While I'm talking about water, I'll describe the faucet situation. This puzzles me SO much. Apparently the concept of one tap for the water just hasn't caught on here, and it isn't just in our house. I've noticed it everywhere else I go...there is a knob and tap for the hot and the same for the cold. So washing your hands with warm water isn't is either hot or cold. Running a bath requires a lot of stirring, as the water from the two faucets needs to be mixed.

Did I mention that my washer is in my kitchen? I thought that was strange at first, but as I watch local commercials and tv shows, I see that it is the norm. Unfortunately it also means that I don't have a some brilliant design effort, the person who remodeled the kitchen placed the washing machine (a front loader) in the space where a dishwasher might go. However, if the number of commercials for dish washing detergent are any indication of how many people are hand-washing their dishes, I am certainly not the minority.

If I can be completely honest right now, I would have to say that the dishwasher is by far the thing I miss most. I really hate doing dishes. But you know what it has made me realize? All the complaining about unloading the dishwasher I used to do was absurd.

In fact, many of the realizations I have come to since moving here come at the expense of my ingratitude for what I had back in the United States. That is not to say that I do without here, but rather, I do DIFFERENT. And as I've said so many times before, this country is NOT what you see in the movies, it isn't what you read in the books. What it IS, however, is incredibly complex and admirably self-realized. It's mind-boggling when considered in the context of its size, which is roughly the same square mileage as my state of Oregon.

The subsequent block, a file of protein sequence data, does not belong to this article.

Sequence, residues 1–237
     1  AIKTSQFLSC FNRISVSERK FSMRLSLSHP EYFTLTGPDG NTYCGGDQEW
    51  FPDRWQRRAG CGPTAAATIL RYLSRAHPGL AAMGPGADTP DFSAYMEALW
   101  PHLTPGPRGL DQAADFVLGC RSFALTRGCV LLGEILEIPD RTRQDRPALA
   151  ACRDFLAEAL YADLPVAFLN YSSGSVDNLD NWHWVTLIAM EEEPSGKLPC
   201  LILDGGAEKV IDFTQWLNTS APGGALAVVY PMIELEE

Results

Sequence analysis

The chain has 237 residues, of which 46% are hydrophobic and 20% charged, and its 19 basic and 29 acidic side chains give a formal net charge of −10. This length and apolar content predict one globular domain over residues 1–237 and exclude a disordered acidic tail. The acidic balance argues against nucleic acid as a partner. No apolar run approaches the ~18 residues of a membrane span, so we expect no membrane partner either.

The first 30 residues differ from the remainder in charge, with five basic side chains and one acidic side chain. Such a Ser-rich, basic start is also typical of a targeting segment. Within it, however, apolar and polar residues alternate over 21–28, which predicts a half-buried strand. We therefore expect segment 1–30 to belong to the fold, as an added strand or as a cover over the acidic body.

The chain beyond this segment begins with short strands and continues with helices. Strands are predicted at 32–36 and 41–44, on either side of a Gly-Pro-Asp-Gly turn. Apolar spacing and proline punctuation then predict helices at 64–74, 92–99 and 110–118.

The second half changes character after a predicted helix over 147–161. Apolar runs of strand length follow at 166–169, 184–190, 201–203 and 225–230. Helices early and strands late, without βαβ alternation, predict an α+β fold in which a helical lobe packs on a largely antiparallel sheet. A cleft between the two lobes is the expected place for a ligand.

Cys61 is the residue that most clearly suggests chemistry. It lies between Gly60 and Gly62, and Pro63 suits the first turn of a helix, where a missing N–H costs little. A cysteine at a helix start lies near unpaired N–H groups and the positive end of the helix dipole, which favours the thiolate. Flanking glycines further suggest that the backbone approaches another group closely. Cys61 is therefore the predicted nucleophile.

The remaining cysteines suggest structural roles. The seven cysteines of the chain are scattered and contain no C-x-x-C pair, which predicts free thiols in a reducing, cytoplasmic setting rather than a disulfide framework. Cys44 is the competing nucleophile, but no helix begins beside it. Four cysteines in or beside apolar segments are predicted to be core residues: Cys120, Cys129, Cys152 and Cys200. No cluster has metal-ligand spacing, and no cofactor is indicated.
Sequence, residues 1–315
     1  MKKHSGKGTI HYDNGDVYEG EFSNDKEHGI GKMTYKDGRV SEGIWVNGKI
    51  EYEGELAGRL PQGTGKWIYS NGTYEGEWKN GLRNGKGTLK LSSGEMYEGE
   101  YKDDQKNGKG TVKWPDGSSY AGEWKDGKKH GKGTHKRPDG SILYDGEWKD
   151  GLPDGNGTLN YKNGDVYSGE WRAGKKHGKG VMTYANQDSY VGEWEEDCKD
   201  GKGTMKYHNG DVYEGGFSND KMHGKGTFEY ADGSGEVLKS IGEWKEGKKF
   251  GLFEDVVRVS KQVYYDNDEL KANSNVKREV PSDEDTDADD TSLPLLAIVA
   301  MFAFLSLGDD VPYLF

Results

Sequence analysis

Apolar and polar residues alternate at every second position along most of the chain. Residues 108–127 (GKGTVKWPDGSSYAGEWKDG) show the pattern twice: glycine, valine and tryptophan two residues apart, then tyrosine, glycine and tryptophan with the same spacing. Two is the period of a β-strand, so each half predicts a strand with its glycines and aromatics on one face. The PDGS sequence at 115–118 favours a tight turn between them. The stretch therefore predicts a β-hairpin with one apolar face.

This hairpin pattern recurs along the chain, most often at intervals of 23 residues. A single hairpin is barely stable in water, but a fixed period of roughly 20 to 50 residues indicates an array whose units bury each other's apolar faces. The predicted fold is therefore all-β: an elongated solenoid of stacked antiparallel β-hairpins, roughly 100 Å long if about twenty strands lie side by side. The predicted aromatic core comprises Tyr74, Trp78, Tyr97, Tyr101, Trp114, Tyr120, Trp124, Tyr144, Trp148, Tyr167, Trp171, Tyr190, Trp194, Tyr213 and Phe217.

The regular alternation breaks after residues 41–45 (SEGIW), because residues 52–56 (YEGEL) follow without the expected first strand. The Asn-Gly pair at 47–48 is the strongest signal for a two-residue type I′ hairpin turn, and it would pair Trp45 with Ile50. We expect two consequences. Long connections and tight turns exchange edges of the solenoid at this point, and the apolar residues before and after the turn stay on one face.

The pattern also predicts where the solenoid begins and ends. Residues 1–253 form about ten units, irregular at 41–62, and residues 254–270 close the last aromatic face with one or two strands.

I'll leave it at that...right now I need to get back to creating posts that are in the true spirit of the beginnings of this blog. I think I'll tackle soap and deodorant in my next post...and NO, it is NOT about the American misconception that Europeans don't shower as often as we do or use deodorant. Besides, the British don't consider themselves as Europeans. Again, another topic for another post.

Wednesday, March 25, 2009

Strap on those steel-toed Stride Rites, kiddies. We're going to Renee's

I just realized why women are meant to be young when they are having babies. It occurred to me today that I'm in no condition to care for a baby. A baby of mine would choke to death, or in some other neglect-related incident while in my care, and here's why I'm afraid of that happening.

Yesterday I was cleaning up around the coffee table and I picked up a know, those colorful plastic ones, shaped kind of like a top hat? The ones that are so much easier to pull out of the cork board than the flat ones....perhaps another sign of my age. Anyway, I accidentally dropped it and it bounced on the ground and disappeared, either blending in with the crazy colored oriental rug, or on the floor somewhere else, like under the edge of the couch or something.

I hesitated for a few seconds, running through my head the scenarios of what would happen if I left it. A possibility was that I'd step on it. Ouch. Or, Husband would step on it...ouch with a few bad words. Or, one of the boys would step on it, and yes, it would hurt, but more importantly it might happen right before school, and the stepper would try to use it as an excuse to stay home. NOT HAVING IT. So, I made my way down to the floor, intent on finding the tack and picking it up, preserving everyone's feet and my quiet during the day.